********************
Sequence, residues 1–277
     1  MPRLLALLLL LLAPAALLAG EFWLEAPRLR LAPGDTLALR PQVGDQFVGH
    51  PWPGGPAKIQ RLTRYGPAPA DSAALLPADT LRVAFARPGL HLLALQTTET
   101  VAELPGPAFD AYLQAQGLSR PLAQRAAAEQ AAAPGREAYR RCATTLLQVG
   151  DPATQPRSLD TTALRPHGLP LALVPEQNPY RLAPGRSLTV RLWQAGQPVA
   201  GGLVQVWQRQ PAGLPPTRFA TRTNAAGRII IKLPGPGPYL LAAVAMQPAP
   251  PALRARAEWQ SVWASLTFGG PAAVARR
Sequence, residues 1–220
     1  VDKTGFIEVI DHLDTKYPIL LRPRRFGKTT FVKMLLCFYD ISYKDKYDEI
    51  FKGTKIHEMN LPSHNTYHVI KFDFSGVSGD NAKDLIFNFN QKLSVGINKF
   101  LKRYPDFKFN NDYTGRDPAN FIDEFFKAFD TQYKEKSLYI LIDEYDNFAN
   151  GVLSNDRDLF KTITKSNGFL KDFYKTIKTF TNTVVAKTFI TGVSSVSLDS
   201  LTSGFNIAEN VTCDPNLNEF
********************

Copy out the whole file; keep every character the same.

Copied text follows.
Sequence, residues 1–277
     1  MPRLLALLLL LLAPAALLAG EFWLEAPRLR LAPGDTLALR PQVGDQFVGH
    51  PWPGGPAKIQ RLTRYGPAPA DSAALLPADT LRVAFARPGL HLLALQTTET
   101  VAELPGPAFD AYLQAQGLSR PLAQRAAAEQ AAAPGREAYR RCATTLLQVG
   151  DPATQPRSLD TTALRPHGLP LALVPEQNPY RLAPGRSLTV RLWQAGQPVA
   201  GGLVQVWQRQ PAGLPPTRFA TRTNAAGRII IKLPGPGPYL LAAVAMQPAP
   251  PALRARAEWQ SVWASLTFGG PAAVARR
Sequence, residues 1–220
     1  VDKTGFIEVI DHLDTKYPIL LRPRRFGKTT FVKMLLCFYD ISYKDKYDEI
    51  FKGTKIHEMN LPSHNTYHVI KFDFSGVSGD NAKDLIFNFN QKLSVGINKF
   101  LKRYPDFKFN NDYTGRDPAN FIDEFFKAFD TQYKEKSLYI LIDEYDNFAN
   151  GVLSNDRDLF KTITKSNGFL KDFYKTIKTF TNTVVAKTFI TGVSSVSLDS
   201  LTSGFNIAEN VTCDPNLNEF